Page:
The Oldest Known Tree in Europe Is Having a Growth Spurt

Meet Italus, a 1,230-year-old pine tree from Italy who just became the oldest scientifically-dated tree in Europe. (Image credit: Gianluca Piovesan)

Perched high on a cliff in southern Italy, a bone-white pine tree has watched the Renaissance come and go, seen dozens of wars rage and resolve, and stood by as thousands of less-persistent organisms lived and died on the rocky slopes below. The tree, nicknamed Italus, has seen a lot. You would, too, if you were more than 1,200 years old.

With a life span of about 1,230 years, Italus has been deemed the oldest scientifically dated tree in Europe, according to a new paper published May 16 in the journal Ecology. The stately Heldreich's pine was discovered in an ancient grove among several other millennium-old trees in Italy's Pollino National Park, south of Naples. [Gallery: The Oldest Living Things in the World]

Italus, the oldest of the trees studied over a recent three-year survey, snags the title of Europe's oldest tree from the 1,077-year-old Bosnian pine known as Adonis, which was dated in Greece in 2016. Unlike Adonis, though, dating Italus wasn't as simple as counting rings; the old pine's insides were too mangled with age to get a clear reading.

"The inner part of the wood was like dust — we never saw anything like it," study co-author Alfredo Di Filippo, a professor in the Department of Sciences and Technology for Agriculture, Forest, Environment and Energy at Tuscia University in Viterbo, Italy, told National Geographic. "There were at least 20 centimeters [7.9 inches] of wood missing, which represents a lot of years."

To work around these missing years, the researchers took radiocarbon-dating samples from the tree's exposed roots to determine when the pine first began to bud. They also compared tree-ring counts from the pine's roots and what was left of the trunk, which grow at different rates but can still provide some ballpark date ranges to work from.

With these methods combined, the team estimated that Italus' first ring formed in A.D. 789, making it roughly 1,230 years old. (To put that into a historical perspective, Italus would have been sprouting just as the first Viking raiders landed in England.) And while the tree's battered core indicates it clearly went through some rough patches over the past 1,200 years, its rings have begun growing again in the past few decades, the researchers wrote. Italus could even live to be 1,300.

While Italus appears to be the oldest scientifically dated tree in Europe, there are numerous other trees throughout the continent thought to be in the multi-millennium club too but that just haven't been studied with such rigor yet.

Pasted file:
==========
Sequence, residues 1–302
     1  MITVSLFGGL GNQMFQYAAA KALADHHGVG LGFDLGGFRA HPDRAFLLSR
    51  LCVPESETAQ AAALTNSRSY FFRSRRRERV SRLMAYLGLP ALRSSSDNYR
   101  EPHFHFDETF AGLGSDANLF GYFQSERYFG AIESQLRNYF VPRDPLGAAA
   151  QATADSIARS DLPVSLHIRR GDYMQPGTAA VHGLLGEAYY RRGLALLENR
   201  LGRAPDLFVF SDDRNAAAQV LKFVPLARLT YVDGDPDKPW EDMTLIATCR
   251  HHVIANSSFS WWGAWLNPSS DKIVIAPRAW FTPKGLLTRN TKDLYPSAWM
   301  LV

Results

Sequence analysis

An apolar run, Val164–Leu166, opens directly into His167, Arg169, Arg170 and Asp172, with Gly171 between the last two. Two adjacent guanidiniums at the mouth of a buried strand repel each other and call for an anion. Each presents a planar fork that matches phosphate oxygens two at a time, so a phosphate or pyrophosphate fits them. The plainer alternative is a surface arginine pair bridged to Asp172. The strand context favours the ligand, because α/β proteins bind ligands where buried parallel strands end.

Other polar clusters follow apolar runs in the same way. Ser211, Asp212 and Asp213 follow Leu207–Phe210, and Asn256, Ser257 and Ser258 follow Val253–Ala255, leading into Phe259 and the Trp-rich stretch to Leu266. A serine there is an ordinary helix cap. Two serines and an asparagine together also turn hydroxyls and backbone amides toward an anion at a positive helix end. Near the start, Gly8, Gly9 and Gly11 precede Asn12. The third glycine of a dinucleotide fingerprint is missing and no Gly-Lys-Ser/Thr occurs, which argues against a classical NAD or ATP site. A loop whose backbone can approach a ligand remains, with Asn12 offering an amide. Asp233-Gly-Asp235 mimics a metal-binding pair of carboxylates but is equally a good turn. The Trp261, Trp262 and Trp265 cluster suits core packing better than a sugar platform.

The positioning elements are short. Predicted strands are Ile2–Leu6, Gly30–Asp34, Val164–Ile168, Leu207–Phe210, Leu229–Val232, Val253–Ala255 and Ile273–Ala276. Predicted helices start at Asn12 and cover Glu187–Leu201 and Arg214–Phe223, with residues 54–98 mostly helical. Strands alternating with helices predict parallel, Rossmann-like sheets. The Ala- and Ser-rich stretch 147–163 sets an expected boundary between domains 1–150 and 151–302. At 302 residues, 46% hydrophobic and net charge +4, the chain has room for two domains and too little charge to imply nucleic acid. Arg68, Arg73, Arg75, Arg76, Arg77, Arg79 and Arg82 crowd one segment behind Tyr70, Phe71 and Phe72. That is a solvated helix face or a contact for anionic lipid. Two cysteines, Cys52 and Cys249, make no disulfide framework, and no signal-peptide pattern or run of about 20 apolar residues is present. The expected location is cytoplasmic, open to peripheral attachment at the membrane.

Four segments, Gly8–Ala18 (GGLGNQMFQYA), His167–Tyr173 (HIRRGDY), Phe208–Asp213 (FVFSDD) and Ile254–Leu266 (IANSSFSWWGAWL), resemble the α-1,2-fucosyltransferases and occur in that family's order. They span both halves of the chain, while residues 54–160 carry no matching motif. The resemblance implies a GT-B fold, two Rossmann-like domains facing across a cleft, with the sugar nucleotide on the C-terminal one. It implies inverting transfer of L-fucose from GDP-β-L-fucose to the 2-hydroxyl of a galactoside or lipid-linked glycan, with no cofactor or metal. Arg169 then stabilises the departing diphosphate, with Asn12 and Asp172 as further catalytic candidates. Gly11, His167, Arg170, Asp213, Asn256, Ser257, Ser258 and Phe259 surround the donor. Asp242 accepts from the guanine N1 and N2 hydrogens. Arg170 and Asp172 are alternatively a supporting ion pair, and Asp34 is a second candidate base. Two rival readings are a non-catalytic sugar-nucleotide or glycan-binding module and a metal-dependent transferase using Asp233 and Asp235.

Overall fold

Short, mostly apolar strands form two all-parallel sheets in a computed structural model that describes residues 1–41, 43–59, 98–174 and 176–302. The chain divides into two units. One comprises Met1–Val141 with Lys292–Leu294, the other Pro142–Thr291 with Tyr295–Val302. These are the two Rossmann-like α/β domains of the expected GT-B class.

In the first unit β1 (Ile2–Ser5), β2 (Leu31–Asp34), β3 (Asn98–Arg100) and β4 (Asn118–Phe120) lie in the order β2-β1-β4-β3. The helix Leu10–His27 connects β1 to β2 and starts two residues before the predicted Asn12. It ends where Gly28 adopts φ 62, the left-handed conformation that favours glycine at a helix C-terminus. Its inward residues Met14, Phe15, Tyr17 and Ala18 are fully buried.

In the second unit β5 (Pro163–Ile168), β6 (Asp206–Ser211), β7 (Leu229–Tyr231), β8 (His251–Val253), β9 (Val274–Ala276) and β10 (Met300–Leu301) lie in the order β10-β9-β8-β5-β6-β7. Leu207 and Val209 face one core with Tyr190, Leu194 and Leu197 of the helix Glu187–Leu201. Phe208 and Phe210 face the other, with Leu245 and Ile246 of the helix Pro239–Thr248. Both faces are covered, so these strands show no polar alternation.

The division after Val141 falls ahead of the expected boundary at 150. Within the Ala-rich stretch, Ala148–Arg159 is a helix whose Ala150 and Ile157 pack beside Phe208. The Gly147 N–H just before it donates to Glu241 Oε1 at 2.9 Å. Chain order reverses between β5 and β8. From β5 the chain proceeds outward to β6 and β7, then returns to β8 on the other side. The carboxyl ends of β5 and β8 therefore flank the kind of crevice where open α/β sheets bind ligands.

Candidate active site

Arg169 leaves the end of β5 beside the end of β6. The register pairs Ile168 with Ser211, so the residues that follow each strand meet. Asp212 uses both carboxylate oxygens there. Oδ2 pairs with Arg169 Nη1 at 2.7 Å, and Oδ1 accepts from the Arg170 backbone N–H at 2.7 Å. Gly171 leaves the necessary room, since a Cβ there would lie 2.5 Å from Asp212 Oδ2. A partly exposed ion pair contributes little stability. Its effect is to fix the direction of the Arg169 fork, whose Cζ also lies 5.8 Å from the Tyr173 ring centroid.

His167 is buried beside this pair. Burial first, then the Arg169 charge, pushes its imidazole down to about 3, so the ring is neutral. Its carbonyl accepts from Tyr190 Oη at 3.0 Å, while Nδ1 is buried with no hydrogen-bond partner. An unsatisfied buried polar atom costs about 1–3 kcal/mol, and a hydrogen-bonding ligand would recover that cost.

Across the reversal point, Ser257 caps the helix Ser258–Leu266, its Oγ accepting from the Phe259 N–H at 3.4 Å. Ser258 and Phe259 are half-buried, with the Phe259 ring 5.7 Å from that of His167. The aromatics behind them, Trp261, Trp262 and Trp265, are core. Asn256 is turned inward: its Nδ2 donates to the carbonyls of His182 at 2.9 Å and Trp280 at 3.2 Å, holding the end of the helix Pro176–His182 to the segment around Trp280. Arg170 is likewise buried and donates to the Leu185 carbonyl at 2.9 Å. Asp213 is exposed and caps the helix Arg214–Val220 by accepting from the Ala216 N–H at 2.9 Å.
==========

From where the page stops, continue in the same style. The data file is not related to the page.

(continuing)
The Llangernyw Yew in Conwy, Wales, for example, is thought to be between 1,500 and 5,000 years old, but it can't be dated accurately through tree-ring analysis, as its core has deteriorated so much over time. A massive oak tree named Kongeegen (or "the king oak") in Denmark's royal hunting forest is thought to be somewhere between 1,500 and 2,000 years old — but that, too, still needs to be scientifically verified. (According to the authors of the new paper, their combination carbon-dating/ring-counting method could potentially be used to calculate more accurate birth dates for other ancient trees like these.)

As for the world's oldest tree? That honor goes to an unnamed bristlecone pine tree in the White Mountains of California. The tree is more than 5,000 years old, making it a smidge older than the more famous, roughly 4,800-year-old bristlecone named Methuselah that lives down the road.

Meanwhile, a 9,560-year-old Norway spruce named Old Tjikko is considered the world's oldest individual tree belonging to a clonal colony — that is, a group of genetically identical trees that share the same root system but generate new trunks and branches over the millennia. Old Tjikko is suspected to be the only surviving trunk of an ancient clonal colony on Sweden.

Originally published on Live Science.

Brandon Specktor

Brandon is the space/physics editor at Live Science. His writing has appeared in The Washington Post, Reader's Digest,, the Richard Dawkins Foundation website and other outlets. He holds a bachelor's degree in creative writing from the University of Arizona, with minors in journalism and media arts. He enjoys writing most about space, geoscience and the mysteries of the universe.